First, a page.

The islanders love visitors. When a ship arrives, a bell rings that can be heard all over the island. They rush out in long boats, board the vessel, and barter with wood carvings and weavings for whatever they can acquire. Since they have no hotel, they select which visitors—if any—they will take into their homes. Sixty guests came from Eliza’s ship, more than doubling the population of the island. Charles Christian, middle-aged and a direct descendent of Fletcher Christian, chose Eliza and her friend. The community is closely knit. His daughter lives but 20 feet away, and Eliza went there for dinner. The house was spacious and many visitors were present. They dined on delicious fare of seafood and tropical fruit.

The telephone system is communal. When a call comes, everyone with a telephone hears it ring. But each home is assigned a different set of rings, and if it’s not your ring you don’t pick up. In their spare time the Pitcairners scuba dive around the wreckage of the Bounty. In the town square children play on the immense, rusted anchor of the ship. The Bounty Bible is preserved inside a case in the Seventh Day Adventist Church, the only house of worship on Pitcairn.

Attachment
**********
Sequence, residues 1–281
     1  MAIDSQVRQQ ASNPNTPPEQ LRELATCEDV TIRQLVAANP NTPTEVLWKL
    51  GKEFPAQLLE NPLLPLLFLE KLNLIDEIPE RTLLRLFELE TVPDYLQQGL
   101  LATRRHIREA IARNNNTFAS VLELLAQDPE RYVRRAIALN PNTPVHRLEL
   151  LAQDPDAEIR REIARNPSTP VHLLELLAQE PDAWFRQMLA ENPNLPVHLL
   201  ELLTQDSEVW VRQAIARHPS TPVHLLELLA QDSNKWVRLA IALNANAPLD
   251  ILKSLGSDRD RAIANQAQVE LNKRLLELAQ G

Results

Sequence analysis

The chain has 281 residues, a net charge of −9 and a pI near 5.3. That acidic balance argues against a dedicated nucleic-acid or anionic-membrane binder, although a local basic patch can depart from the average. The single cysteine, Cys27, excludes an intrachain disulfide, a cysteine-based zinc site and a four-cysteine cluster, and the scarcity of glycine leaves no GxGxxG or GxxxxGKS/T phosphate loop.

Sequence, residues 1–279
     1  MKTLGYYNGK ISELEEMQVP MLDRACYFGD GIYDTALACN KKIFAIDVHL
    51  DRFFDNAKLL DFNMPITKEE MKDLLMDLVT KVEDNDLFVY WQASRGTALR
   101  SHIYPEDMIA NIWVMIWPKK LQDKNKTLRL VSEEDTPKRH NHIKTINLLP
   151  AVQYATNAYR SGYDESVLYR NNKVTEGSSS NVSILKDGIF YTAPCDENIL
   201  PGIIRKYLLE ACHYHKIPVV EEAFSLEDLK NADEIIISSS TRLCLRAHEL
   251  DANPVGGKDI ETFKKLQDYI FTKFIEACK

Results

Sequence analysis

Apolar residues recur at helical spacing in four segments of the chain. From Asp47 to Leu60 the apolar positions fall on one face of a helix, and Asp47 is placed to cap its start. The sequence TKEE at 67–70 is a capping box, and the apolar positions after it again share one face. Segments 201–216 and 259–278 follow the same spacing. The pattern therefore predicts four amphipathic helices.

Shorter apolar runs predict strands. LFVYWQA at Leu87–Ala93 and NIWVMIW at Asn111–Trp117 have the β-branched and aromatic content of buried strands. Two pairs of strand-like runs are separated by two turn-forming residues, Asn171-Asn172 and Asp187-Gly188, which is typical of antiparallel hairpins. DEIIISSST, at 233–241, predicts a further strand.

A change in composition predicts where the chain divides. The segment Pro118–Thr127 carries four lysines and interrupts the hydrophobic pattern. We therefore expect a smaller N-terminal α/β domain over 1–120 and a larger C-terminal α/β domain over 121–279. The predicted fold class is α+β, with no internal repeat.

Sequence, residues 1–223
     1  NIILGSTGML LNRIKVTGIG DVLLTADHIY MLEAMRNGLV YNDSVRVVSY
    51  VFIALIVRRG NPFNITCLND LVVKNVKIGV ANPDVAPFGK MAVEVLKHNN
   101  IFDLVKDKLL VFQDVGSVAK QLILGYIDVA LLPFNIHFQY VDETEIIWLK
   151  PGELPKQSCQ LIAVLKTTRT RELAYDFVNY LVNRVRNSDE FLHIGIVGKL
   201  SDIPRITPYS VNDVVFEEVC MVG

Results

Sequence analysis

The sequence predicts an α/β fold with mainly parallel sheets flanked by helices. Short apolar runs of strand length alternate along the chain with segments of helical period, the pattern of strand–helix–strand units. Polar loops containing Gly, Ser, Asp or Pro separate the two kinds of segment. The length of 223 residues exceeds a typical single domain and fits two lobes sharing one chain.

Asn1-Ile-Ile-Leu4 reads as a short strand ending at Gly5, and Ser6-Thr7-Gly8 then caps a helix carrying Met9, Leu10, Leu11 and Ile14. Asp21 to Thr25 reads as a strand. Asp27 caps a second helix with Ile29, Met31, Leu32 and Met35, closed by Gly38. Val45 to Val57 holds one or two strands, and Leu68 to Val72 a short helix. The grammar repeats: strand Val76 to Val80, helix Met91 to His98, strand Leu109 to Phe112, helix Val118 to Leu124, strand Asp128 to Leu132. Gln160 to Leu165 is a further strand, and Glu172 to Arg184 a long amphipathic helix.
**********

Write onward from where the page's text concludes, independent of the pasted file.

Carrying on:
After finding the island, Fletcher Christian lived but three years. It is thought that he was racked by guilt after casting Bligh and his followers adrift, never knowing the successful outcome of their epic voyage. Christian’s Cave is a place where he went to be alone.

Christian's Cave, where Fletcher Christian went for solitude. Credit: Photo © by Eliza Priest But in locating Pitcairn, Fletcher did his job well. The authorities didn’t find the fugitives until it was too late. What do the islanders think of living on Pitcairn today? This is my guess. It’s tropical, they own it, and they’re free. That’s just about what the mutineers had in mind. They just couldn’t stay around long enough to enjoy it. But seven generations later, their descendants are doing just fine.

Copyright ©1999 by James D. Priest

The following sources were used in preparing this article. The web sites provide abundant travel information about Pitcairn Island.

http://library.puc.edu/pitcairn/index.html
http://www.visi.com/~pjlareau//
http://www.slnsw.gov.au/ml/mss/bligh.htm
http://www.sitesalive.com/cal/98f/ca98ffin.htm
http://crash.ihug.co.nz/~gsnell/map.htm
http://www.mc-monaco.com/geovoyages/